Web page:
A Bangladesh hospital has suspended plans to give donated breast milk to needy newborns after a backlash by Muslim clerics, who said the scheme was a violation of Islamic law.
The program was to feed up to 500 orphans and infants of working mothers in the Muslim-majority country, which has one of the world’s highest rates of child malnutrition and stunted growth.
But religious leaders said that the plan could lead to breaches of Sharia law if two babies drank milk from the same mother and later married.
“Their entire marriage and lineage would become illegal,” said Gazi Ataur Rahman, a spokesman of the influential Islami Andolan Bangladesh political party.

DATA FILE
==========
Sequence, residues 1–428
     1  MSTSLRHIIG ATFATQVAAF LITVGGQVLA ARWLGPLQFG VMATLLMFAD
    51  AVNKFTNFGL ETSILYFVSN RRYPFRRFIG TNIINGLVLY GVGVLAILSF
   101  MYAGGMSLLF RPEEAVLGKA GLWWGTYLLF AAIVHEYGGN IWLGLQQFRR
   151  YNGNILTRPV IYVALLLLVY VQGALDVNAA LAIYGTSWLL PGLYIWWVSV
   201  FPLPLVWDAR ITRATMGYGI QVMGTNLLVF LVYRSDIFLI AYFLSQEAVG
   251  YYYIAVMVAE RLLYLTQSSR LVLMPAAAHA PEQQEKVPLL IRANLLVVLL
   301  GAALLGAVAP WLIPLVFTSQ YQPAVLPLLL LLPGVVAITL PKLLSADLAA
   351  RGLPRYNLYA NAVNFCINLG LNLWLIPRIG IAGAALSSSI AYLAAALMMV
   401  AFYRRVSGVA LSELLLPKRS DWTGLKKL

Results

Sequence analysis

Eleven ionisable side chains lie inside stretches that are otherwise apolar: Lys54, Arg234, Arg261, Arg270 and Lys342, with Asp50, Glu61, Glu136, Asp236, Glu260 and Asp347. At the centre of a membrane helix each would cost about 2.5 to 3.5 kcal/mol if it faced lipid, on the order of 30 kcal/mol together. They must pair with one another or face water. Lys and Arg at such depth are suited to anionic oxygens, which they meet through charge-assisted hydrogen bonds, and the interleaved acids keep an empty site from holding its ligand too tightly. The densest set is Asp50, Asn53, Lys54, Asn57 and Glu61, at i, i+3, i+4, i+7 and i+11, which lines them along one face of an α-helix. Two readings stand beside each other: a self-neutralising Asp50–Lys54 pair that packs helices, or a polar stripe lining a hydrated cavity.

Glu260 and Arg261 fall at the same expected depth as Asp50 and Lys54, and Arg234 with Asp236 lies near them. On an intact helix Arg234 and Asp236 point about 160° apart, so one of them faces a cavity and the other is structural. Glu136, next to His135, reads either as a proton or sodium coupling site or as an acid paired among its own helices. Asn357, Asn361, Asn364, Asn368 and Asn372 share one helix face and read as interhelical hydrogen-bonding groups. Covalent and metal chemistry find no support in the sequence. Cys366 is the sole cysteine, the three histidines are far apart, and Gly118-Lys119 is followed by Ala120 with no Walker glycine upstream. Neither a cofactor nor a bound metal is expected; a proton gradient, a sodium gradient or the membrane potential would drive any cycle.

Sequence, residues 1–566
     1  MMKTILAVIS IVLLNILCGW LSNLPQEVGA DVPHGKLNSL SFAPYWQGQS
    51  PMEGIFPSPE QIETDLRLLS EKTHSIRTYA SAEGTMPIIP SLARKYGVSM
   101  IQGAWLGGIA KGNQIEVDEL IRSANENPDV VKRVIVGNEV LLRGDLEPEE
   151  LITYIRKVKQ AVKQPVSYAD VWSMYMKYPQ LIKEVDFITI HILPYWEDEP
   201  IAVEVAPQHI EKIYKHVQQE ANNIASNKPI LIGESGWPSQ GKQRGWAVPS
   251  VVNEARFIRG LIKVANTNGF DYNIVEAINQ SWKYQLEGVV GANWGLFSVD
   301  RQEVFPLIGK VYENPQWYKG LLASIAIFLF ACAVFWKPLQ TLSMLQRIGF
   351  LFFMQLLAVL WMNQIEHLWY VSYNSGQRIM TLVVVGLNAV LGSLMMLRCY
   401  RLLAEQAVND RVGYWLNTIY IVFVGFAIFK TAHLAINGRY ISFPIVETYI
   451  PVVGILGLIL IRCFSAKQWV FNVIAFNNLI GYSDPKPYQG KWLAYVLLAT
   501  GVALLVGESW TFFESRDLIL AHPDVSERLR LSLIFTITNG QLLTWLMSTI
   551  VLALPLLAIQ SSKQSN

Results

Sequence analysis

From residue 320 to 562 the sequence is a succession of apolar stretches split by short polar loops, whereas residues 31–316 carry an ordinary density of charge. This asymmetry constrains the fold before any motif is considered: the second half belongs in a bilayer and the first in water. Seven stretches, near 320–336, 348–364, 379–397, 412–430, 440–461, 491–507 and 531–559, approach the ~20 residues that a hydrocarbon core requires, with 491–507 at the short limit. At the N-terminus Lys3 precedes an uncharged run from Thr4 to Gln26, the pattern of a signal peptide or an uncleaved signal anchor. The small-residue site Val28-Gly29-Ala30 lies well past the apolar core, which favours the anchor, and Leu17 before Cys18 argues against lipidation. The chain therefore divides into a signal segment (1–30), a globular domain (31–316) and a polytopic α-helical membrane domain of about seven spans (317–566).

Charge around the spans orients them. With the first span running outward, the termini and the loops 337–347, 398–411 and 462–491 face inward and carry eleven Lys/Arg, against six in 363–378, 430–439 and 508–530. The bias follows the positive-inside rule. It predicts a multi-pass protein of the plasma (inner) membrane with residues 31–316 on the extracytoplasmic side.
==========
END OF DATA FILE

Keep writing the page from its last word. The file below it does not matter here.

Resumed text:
The milk bank was slated to start this month in the capital Dhaka, but project coordinator Mojibur Rahman said it had been delayed indefinitely because of “widespread criticism.”
He added that the hospital had set up strict safeguards for the scheme.
“We collect and preserve milk separately and rigorously record (donor) identities,” he said on Monday, a day after the milk bank’s suspension was announced.